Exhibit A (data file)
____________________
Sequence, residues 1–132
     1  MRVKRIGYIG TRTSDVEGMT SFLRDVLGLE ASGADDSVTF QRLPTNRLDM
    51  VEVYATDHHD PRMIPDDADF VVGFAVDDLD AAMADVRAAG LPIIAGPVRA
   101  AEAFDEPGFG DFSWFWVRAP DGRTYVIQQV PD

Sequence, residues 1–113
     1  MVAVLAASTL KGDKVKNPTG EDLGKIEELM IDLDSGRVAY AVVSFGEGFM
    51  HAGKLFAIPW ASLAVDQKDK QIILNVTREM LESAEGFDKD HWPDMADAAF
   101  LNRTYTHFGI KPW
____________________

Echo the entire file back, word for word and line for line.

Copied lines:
Sequence, residues 1–132
     1  MRVKRIGYIG TRTSDVEGMT SFLRDVLGLE ASGADDSVTF QRLPTNRLDM
    51  VEVYATDHHD PRMIPDDADF VVGFAVDDLD AAMADVRAAG LPIIAGPVRA
   101  AEAFDEPGFG DFSWFWVRAP DGRTYVIQQV PD

Sequence, residues 1–113
     1  MVAVLAASTL KGDKVKNPTG EDLGKIEELM IDLDSGRVAY AVVSFGEGFM
    51  HAGKLFAIPW ASLAVDQKDK QIILNVTREM LESAEGFDKD HWPDMADAAF
   101  LNRTYTHFGI KPW